Kia ora Pete – Māori sovereignty vs Apartheid South Africa

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In response to an earlier blog on the He Puapua report I’ve had some email correspondence from people opposed to what they see as separatism and favouritism towards Māori. Here is a letter I received a few days ago and my response underneath. I’m putting this into a blog because the issues are real for many people however poorly they are sometimes expressed.

Dear John,

It may be true that without land , as such, nobody could survive, except those living on the waters . Nor is it likely , civilisation  would occur without it . Hence , early settlers of New Zealand  (such as Kupe ) would still be living in huts with earthen floors driving nothing but their canoes and blistered feet . Whatever else has occurred internationally , maoris have a lot to be thankful for .

Tribalism contains no democracy and no form of monies . An alphabet did not exist nor did mathematics . Consequences of civilisation .

The 85% of New Zealanders who pay most if not all , the taxes in this country , did not exist , he puapua would be up the creek without a paddle . And so would their supporters . To revert to tribalism is certainly a step in the backwards tradition .

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You fought  against a minority who  controlled a majority and repressed the same . Now , we have a minority being favoured with money and power to do the same . And forcing the majority to speak a language which is foreign and of little use outside New Zealand .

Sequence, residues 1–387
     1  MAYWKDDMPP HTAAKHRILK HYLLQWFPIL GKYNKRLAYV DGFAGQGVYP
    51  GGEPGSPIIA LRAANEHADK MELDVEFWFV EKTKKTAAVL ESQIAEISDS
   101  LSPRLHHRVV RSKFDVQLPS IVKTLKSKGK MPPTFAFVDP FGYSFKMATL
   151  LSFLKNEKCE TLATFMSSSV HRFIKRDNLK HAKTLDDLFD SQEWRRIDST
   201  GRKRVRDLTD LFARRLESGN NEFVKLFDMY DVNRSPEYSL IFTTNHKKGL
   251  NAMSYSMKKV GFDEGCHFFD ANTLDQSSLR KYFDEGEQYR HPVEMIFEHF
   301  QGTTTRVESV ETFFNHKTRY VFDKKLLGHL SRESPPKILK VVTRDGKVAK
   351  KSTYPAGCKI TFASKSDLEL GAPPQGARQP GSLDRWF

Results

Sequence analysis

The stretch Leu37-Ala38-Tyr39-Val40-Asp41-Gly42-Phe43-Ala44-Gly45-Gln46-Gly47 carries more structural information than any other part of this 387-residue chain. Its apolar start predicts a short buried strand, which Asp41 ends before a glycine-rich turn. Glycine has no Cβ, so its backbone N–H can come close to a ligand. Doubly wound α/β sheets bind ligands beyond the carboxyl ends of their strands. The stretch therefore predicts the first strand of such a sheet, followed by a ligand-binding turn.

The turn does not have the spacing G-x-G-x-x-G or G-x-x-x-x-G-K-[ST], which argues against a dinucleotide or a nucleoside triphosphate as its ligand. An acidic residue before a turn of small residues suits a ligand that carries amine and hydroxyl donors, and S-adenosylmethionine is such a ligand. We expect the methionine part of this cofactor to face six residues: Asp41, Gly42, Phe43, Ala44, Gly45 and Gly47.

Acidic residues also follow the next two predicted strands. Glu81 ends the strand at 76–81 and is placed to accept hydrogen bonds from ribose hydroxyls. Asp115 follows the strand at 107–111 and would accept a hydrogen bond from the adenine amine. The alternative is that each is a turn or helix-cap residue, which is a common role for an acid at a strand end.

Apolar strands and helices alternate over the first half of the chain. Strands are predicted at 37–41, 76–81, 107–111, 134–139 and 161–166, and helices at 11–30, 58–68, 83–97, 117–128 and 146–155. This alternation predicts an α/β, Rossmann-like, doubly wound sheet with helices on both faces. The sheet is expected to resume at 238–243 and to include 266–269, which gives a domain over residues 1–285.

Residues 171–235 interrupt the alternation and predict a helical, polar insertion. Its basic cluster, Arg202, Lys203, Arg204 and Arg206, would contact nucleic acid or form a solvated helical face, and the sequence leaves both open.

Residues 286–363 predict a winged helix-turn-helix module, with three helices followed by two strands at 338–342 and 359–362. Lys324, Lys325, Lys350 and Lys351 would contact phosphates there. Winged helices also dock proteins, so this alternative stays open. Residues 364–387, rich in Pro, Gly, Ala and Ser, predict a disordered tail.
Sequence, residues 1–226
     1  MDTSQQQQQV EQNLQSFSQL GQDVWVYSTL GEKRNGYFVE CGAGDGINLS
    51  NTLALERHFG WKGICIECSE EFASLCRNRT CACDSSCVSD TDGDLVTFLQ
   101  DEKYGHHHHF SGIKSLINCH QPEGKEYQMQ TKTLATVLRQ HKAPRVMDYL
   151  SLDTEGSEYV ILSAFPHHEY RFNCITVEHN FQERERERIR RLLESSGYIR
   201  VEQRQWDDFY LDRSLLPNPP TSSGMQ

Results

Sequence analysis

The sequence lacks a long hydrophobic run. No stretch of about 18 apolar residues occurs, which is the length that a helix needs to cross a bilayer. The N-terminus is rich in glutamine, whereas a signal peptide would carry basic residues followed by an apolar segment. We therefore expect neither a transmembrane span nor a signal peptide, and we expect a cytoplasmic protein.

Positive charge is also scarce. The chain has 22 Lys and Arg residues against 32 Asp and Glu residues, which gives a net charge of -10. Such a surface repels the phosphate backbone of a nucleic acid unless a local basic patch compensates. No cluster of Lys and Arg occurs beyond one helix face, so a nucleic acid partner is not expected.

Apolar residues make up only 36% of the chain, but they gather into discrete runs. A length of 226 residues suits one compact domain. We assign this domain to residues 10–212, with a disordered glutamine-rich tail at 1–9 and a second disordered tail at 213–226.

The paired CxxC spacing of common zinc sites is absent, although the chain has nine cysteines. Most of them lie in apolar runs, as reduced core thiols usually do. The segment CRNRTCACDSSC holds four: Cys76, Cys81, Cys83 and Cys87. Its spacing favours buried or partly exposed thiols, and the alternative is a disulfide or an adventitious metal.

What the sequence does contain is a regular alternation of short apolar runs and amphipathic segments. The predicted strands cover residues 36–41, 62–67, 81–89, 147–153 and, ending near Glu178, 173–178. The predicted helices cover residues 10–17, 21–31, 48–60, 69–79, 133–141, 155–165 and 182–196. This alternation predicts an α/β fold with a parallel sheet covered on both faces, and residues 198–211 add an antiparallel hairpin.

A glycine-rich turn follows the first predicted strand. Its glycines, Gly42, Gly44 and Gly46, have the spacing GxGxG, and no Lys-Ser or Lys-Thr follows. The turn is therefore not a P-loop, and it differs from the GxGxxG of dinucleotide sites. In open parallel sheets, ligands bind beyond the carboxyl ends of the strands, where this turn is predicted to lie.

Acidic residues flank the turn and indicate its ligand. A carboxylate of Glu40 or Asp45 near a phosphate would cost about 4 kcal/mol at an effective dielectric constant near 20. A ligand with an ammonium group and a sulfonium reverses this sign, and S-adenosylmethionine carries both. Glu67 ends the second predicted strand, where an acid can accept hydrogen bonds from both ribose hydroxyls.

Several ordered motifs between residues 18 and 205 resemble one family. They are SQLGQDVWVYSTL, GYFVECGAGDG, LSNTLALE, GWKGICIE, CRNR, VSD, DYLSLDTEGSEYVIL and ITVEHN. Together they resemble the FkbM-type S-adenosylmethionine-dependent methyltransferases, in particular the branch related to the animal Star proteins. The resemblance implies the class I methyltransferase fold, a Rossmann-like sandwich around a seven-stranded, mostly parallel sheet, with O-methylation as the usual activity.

The children graduating from Maori Schools , are exceptionally poor in reading and understanding English and very poor in basis arithmetic .

Not a good sign for future leaders and businesses .

And to think 550 maori doctors looking after a population of 800,000 is not a healthy system . And maraes and most iwi businesses do not pay taxes . So , you are 1/2 right…..maoris could NOR finance themselves . BUT , the other 85% could happily finance themselves , and do .

        Pete

 

Kia ora Pete,

Thank you for responding. I think your ideas are based on long-standing resentments and prejudices which in my experience are common in the older generation of New Zealanders. Earlier in my life I probably would have shared some of your views but I’ve become a lot better informed about the history of Aotearoa with its wholesale confiscations of Māori land, the destruction of Māori culture, language and the Māori economy. We have a desperate need for all of us to understand our history better, warts and all, which is why I’m a strong supporter of the proposed new history curriculum.